DALLAS - Hilton Worldwide's extended-stay products have Marriott's in its sights, but does it have enough ammo to deliver?
That was part of the conversation during Hilton's first-ever Extended Stay Brand Conference, taking place in Dallas this week, with a gathering of more than 1,200 hotel GMs and directors of sales and marketing.
As it stands, Homewood Suites, Hilton's upscale extended-stay product, has more than 385 hotels open, while Home2, a newer, scaled-down, upper-midscale extended-stay brand, has 80 hotels open. Hilton has more than 100 Homewood Suites in the pipeline and nearly 300 planned for Home2 as of the end of 2015.
Bill Duncan, global head for Hilton’s new All Suites brand category that launched late last year, said that Hilton will focus Home2 development in the U.S. and Canada for the time being. Homewood, on the other hand, has “great opportunity” in North America, but Duncan noted that the extended-stay concept is not established in destinations such as Central and South America. “There’s no product to serve that segment,” he said. “We can be pioneers.” The company has signed deals in Mexico, Peru and in the Caribbean.
By The Numbers
In 2015, Homewood saw a slight uptick in occupancy, a 4.3-percent increase in ADR and a 5.1-percent increase in RevPAR. Home2 also saw solid increases in both occupancy and ADR, with RevPAR improving by more than 8 percent.
The numbers weren't perfect, however. Both Homewood and Home2 saw a decrease in extended-stay occupancy, and Adrian Kurre, global head for Homewood Suites by Hilton and Home2, emphasized that this would be an area of focus moving forward. Problem avoidance and problem resolution also proved problematic: More than 20 percent of guests at both brands reported issues, and fewer than 30 percent of those complaints were resolved to the guests' satisfaction. This, Kurre said, would also be a major focus for 2016.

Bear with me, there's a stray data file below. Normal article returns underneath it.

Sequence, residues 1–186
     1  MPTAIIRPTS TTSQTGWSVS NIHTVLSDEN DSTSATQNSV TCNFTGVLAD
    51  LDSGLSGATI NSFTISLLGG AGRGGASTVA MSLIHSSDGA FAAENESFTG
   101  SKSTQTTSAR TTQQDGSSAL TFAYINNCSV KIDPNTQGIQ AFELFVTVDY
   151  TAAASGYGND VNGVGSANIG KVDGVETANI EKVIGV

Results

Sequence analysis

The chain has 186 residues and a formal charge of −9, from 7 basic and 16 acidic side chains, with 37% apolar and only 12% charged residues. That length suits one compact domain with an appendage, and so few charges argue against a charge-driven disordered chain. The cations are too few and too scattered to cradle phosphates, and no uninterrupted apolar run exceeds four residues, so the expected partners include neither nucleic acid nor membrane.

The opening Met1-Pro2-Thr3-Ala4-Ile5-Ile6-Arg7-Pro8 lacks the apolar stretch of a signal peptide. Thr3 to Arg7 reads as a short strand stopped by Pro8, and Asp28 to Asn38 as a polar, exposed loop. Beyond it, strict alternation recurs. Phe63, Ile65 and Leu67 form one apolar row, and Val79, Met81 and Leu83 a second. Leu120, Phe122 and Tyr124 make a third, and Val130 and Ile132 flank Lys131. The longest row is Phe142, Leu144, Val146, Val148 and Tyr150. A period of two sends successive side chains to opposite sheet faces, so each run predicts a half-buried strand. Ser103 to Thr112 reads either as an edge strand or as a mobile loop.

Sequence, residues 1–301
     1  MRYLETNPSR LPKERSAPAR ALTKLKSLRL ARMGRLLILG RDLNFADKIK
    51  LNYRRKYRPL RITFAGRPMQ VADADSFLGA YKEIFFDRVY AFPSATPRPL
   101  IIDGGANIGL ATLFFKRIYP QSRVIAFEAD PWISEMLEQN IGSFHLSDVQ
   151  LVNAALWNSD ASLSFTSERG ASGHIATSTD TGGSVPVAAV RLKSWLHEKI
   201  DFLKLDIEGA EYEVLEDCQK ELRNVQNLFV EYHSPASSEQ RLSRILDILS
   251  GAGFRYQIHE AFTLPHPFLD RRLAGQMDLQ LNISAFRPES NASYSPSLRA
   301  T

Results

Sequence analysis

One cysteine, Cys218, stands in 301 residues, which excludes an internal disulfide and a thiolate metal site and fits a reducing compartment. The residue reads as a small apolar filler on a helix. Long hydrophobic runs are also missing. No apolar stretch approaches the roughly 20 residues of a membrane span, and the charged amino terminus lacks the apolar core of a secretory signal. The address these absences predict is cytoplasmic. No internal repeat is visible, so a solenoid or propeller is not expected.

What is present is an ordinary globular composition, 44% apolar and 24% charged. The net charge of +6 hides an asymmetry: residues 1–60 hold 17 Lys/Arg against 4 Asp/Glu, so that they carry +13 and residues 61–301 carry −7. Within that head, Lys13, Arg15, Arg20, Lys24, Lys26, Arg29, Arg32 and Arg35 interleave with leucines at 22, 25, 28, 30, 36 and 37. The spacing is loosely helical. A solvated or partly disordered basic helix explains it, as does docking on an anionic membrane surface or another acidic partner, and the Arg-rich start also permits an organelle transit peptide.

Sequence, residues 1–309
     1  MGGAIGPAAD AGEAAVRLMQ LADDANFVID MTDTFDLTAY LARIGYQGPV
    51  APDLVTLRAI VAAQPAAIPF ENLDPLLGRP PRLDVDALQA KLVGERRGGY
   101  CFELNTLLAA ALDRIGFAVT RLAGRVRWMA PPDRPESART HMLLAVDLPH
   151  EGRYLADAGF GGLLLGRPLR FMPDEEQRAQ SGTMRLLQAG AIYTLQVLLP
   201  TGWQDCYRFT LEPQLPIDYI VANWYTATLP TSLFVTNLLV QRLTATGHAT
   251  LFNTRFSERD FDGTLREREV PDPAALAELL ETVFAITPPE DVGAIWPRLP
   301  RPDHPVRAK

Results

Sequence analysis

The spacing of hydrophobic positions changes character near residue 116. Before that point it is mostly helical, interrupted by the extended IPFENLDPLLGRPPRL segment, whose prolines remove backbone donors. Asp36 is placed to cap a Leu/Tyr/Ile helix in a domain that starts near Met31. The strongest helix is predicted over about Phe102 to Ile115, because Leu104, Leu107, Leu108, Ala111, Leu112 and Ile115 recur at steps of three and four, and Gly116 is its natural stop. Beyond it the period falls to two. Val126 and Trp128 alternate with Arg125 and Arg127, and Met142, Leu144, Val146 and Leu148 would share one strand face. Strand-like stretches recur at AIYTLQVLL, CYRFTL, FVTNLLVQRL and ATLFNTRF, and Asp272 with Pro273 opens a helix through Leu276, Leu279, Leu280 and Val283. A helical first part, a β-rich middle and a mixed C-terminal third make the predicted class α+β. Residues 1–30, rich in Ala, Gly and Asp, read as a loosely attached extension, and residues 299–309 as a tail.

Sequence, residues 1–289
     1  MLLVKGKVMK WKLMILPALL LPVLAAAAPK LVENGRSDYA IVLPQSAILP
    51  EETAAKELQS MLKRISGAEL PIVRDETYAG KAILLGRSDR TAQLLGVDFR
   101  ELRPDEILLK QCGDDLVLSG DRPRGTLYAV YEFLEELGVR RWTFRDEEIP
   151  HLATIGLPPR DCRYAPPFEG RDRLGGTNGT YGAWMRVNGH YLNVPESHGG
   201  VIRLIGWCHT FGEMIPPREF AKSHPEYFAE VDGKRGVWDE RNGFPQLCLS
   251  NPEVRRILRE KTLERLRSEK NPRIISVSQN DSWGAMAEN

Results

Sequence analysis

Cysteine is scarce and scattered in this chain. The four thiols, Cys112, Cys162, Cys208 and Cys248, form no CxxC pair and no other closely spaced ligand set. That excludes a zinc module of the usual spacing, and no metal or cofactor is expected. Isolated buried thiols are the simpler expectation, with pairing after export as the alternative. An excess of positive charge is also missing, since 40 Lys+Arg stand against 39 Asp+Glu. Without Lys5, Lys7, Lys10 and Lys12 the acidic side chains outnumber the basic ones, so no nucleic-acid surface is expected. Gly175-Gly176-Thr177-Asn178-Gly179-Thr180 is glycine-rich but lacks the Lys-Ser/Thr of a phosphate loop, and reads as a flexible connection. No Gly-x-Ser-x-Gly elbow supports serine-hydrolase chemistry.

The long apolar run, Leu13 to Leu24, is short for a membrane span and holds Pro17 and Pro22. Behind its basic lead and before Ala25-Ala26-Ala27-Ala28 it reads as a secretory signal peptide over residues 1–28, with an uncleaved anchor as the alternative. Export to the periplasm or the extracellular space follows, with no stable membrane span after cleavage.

Challenges & Solutions
After several years of solid economic growth, the U.S. is facing “new economic headwinds,” Kurre said—but emphasized that a down economy could be beneficial for Homewood and Home2. “This is where extended stay shines,” Kurre said. “This is our time to shine, and this is when sticking to goals is not just important, but crucial.”
Hoteliers need to maintain focus on three key goals, he said: driving revenue, encouraging loyalty and maximizing profitability. “They are always relevant and they never go away,” he said. “They are not brand goals, they are hotel goals.” Any action not geared toward one of those three goals is a waste of a hotelier’s time, he added.
The biggest challenge facing Homewood and Home2, Kurre continued, is how to compete with brands like Marriott’s Residence Inn. “They are bigger and they have a bigger pipeline,” he said, but assured the crowd that the extended-stay brands will fight for market share with new ideas.
One of those new ideas is already underway. Back in December, Hilton began combining its three all-suites brands (Homewood Suites, Home2 Suites and Embassy Suites) into a single operational umbrella known as the All Suites category. All three receive support from Hilton in the areas where they share operational elements, including development, sales and operations. Hilton is also working to roll out all three brands on the same revenue management system.
The combined brands can maximize performance and guarantee that all necessary tools and resources are available to all hoteliers, Duncan said. The initiative has already been fairly smooth, he told the crowd, because the three brands have a history of working together.
Moving forward, more properties will open as dual-brand hotels, Duncan said. Some Embassy Suites and Homewood Suites have already been combined, and the first Embassy/Home2 hotel has just been signed for Miami. “The goal,” he said, “is to ramp up new hotels and keep growing.”
Photo (c) 2016 Homewood